Recreating the 'Soul Houses' of Ancient Egypt

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Inspired on the Department's Egyptian Artefacts course by a lecture from Egyptologist Rosalind Janssen on “Soul Houses of Ancient Egypt”,  students Christine Blanks and Sara Harman undertook an experimental archaeology project to make their own modern-day versions of these Ancient Egyptian fired clay, funerary objects.

Soul Houses

Provision for the afterlife was important to the Ancient Egyptians, especially eternal nourishment from food and beer.  In Middle Kingdom Egypt (c. 2,000-1700 BCE) simple dug graves were often the final resting place for the less well-off.  On these graves, relatives appear to have placed what are called “Soul Houses”. 

Soul Houses were placed on the surfaces of the graves with the intention that they would provide accommodation and sustenance in the afterlife.  These fired clay models could take many forms  from basic offerings-trays, to replica houses (complete with ancient Egyptian domestic architectural features) to cult chapels.  Many models included courtyards with scupted clay foods, such as oxen heads, beer jars, joints of meat and loaves of bread.  Water tanks and funnels for flowing water were other desirable elements.

Preparing for the challenge

To investigate how the Soul Houses were originally made (and to appreciate the challenges they may have presented to their original makers) Christine and Sara went looking for project partners. They joined forces with Johnny Nuttgens, a professional potter, Liam McNamara, who is Assistant Keeper of Ancient Egypt and Sudan at Oxford's Ashmolean Museum, and Rosalind Janssen, Egyptologist and lecturer.

The first step was to review the literature and the extensive collection held in the stores of the Ashmolean Museum.  The Ashmolean possesses an outstandingly wide selection of these artefacts, many coming from the Egyptologist Flinders Petrie’s excavations in Deir Rifa in 1907.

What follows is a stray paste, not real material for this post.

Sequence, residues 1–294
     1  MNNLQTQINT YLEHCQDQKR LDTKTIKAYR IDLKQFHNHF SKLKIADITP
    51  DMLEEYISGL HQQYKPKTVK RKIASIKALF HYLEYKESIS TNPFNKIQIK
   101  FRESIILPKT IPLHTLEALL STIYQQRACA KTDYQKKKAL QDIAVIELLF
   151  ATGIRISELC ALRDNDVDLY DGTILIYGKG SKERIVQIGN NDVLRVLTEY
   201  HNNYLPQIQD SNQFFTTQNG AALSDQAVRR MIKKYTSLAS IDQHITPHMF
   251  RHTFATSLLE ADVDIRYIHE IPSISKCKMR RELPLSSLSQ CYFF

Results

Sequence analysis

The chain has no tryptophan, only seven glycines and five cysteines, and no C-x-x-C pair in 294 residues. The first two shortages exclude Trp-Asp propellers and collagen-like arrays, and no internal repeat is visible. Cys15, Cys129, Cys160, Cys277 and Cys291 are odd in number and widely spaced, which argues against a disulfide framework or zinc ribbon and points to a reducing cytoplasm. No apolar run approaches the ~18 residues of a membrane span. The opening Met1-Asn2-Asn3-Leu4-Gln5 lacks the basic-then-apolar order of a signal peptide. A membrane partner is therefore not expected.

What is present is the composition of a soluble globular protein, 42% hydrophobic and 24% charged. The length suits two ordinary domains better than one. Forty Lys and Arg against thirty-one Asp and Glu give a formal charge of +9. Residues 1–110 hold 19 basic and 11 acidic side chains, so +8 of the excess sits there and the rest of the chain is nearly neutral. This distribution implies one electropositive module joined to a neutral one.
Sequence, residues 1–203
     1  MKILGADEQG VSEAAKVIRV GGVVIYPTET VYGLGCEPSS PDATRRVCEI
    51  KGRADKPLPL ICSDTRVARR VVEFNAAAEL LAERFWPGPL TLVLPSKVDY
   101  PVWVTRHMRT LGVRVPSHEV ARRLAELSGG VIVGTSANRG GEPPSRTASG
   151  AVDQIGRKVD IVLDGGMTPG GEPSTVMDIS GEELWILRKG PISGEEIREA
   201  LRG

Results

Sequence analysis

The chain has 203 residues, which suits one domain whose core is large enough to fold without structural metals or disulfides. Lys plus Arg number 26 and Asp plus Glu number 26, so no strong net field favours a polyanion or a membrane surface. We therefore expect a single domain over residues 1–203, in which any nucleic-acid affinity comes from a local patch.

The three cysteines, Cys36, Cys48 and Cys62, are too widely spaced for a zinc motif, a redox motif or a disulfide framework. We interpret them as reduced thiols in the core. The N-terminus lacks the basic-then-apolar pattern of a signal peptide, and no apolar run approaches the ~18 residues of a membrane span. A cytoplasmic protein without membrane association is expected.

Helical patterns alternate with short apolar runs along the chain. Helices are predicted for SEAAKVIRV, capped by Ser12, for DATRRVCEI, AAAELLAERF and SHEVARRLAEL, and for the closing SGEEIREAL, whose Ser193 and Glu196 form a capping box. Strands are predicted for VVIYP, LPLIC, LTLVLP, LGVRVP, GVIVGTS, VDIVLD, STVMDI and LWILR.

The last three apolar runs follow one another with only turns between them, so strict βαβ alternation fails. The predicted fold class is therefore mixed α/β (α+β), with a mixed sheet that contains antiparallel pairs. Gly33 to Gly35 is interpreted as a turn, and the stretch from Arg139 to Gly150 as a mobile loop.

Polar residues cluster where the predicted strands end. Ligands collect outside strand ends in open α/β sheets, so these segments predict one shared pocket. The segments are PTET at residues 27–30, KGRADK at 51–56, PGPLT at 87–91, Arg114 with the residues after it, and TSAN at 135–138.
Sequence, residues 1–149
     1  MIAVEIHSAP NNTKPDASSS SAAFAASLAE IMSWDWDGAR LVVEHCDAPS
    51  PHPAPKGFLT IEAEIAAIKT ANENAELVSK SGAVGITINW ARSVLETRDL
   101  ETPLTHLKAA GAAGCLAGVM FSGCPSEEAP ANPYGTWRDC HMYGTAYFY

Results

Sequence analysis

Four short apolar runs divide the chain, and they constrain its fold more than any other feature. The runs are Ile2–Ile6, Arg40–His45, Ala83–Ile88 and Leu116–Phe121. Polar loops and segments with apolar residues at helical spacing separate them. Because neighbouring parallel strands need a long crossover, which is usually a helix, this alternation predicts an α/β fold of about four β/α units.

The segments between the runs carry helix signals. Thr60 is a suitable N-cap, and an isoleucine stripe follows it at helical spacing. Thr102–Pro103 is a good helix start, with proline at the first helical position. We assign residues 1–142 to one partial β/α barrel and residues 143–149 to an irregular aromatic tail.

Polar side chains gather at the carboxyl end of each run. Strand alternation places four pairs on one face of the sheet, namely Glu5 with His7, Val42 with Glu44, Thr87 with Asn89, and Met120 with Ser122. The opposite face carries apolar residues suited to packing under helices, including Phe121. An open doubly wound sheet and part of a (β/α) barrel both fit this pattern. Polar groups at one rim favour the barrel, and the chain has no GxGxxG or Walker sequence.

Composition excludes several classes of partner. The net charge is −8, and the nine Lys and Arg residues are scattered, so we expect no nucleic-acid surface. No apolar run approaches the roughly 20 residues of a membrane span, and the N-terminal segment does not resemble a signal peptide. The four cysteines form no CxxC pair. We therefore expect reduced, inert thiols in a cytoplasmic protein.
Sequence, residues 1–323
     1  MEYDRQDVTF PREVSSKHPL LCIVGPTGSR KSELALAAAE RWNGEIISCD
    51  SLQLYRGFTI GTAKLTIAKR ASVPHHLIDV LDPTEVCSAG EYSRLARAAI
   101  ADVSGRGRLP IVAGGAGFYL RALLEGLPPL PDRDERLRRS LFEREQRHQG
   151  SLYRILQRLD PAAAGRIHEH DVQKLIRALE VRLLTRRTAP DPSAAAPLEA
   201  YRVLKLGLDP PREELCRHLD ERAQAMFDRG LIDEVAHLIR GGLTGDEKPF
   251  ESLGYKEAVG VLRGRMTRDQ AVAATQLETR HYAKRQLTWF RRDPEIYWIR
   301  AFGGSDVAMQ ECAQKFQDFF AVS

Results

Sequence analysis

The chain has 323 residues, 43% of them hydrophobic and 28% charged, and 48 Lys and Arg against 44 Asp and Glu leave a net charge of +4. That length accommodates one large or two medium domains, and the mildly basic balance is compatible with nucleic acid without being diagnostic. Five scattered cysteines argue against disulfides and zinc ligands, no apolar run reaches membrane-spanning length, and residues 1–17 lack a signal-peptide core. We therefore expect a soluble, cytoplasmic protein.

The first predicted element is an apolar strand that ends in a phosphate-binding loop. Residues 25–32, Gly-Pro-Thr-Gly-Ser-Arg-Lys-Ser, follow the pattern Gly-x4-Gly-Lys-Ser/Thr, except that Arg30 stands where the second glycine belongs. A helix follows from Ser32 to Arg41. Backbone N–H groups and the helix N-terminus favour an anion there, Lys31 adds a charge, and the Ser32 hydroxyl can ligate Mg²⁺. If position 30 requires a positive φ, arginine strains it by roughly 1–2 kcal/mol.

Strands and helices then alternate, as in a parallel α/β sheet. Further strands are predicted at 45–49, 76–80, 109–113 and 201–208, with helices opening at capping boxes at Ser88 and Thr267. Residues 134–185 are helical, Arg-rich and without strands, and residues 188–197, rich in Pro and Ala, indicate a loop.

Viewing and handling the objects revealed the models' construction and their level of detail. For example, some had tiny “post holes” that Flinders Petrie believed originally held minature canopy poles that shaded tiny water tanks.

The original Soul Houses were made from ancient Nile clay. After handling the specimens at the Ashmoleam, potter Johnny Nuttgens set out to replicate the original clay. He combined two types of commercial clay with medium grog, silica sand, straw and a small amount of sievings taken from the floor of the nearby hay barn. The resultant clay was similar to the 4,000 year old original material.

Making the Soul Houses

After kneading Johnny’s prepared cones of clay, the team began forming the models, keeping them roughly true to their original size of approximately 50cm by 50cm.  

A simpler offering-tray with clay modelled food and water channels was based on one found in El Kab, Egypt by that the archaeologist Quibell. This model was fairly quick to assemble, taking less than an hour to make.

A more complicated two-storey Soul House, copied from one on display in the Ashmolean’s Egyptian Galleries, took around two hours to construct.  A further model was made directly onto hessian sacking, since some Soul Houses show evidence of matting marks imprinted on their bases.

To prevent possible “burn outs” –  in which the straw in the clay mix burns when being fired – the models were  then painted over with slip and given a few days of drying time, before being fired in an electric kiln at a temperature of 900 degrees. This would have been the same temperature, but a different kiln environment, from the ancient Egyptian kilns,  which would probably have been made of clay and fuelled with wood and straw.

All four Soul Houses came through the firing successfully.  Christine Blanks’ fired Soul House is illustrated in figure 2.  

Hands-on learning

Christine Blanks said, 'The process of looking at Soul Houses from the different viewpoints of a literature review, viewing and handling a collection, and then undertaking a practical session really informed us on this topic.  Linking up with professional museum personnel and artisans provided opportunities for informative practical work based on a sound appreciation of the material evidence.'

Christine Blanks' two-story Soul House. View a similar, one-storey model can be seen on the website of the Museum of Fine Arts in Boston, and a two-storey version and a 'tray offering' model at the British Museum

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Published 29 June 2017